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Investor Enthusiasm for 'Unicorn' Tech Companies Wanes: Report

Investor enthusiasm for highly valued private tech companies, known as "unicorns," waned dramatically in the fourth quarter last year, new data show.

SAN FRANCISCO - Investor enthusiasm for highly valued private tech companies waned substantially in the fourth quarter last year, with new data revealing that the growth of the so-called “unicorn” herd slowed dramatically.

Just nine tech companies last quarter became unicorns, or venture-backed companies valued in the private market at $1 billion or more, according to data released on Thursday by CB Insights, which tracks venture capital and angel investments globally into private companies.

Photo: A shetland pony dressed as a unicorn in Scotland.
A shetland pony dressed as a unicorn in Scotland.REX Shutterstock via AP

That compares to 23 companies that became unicorns in both the second and third quarters last year.

"Sentiment got very negative" toward the end of the third quarter, Anand Sanwal, CB Insights CEO and co-founder, said in an email. "And while we expected that would manifest in the funding stats, we were surprised to see the hit so quickly - in just the next quarter."

With an abundance of cash available in the private market, startups have stayed private much longer than in previous tech booms, sustained by funding rounds of hundreds of millions, and even billions, of dollars. Along the way, their valuations swelled.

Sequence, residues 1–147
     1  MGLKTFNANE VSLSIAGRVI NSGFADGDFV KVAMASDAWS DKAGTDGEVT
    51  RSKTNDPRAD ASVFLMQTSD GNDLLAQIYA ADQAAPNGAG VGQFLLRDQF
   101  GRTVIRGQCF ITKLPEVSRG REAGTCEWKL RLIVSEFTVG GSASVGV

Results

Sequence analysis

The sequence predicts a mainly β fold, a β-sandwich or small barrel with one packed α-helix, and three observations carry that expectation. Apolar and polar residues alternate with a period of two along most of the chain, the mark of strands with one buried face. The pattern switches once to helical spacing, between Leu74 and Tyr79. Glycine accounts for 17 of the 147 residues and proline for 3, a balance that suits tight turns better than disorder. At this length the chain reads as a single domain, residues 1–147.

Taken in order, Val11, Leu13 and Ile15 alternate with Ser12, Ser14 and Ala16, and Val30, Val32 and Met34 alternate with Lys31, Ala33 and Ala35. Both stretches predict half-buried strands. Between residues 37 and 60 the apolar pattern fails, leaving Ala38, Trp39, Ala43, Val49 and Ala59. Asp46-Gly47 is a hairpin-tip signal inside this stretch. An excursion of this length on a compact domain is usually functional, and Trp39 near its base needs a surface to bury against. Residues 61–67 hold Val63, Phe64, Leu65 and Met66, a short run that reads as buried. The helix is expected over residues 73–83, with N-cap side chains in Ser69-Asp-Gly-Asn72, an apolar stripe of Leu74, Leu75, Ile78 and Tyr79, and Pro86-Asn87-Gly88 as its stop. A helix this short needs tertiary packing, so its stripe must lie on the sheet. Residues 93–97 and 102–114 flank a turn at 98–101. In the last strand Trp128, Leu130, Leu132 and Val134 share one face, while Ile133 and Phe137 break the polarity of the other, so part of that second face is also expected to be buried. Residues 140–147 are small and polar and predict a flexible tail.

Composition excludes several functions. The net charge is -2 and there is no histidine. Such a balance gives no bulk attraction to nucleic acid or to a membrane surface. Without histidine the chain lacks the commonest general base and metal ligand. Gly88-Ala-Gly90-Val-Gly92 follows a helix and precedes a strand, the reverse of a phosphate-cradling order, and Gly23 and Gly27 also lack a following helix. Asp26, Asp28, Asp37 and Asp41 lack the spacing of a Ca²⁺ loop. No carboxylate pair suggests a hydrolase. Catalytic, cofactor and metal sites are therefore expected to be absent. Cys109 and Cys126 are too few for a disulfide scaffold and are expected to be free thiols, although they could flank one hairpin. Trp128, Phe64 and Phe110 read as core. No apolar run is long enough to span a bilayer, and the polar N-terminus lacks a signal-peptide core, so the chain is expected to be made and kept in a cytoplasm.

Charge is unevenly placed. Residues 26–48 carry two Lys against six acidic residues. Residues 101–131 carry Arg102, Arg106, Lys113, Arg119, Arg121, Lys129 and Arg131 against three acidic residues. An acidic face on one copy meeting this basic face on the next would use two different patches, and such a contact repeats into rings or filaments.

According to CB Insights, there are 144 unicorns globally with a cumulative valuation of $525 billion.

But market turbulence last summer brought anxieties about those valuations to the forefront, and investors began showing more discretion.

San Francisco mobile payments company Square Inc. took a 42 percent discount in its initial public offering in November, stoking fears that the public market would not support highly priced tech companies.

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The data from CB Insights offers new evidence that investors have responded by tightening their purse strings. In the fourth quarter of last year, there were 39 financing deals of $100 million or more. There were 72 such deals in the third quarter and 65 in the second quarter.

These so-called mega-deals first appeared in 2014, according to venture capital analysts.

"Some of these big deals are cannibalizing what would have been IPOs," said Tom Ciccolella, U.S. venture capital leader at consulting firm PwC.

Overall venture capital funding fell 29 percent to $27.3 billion in the fourth quarter from $38.7 billion in the third quarter. The number of financing deals also dipped from 2,008 to 1,743.

North America remained the hub of venture capital activity, outpacing Europe and Asia.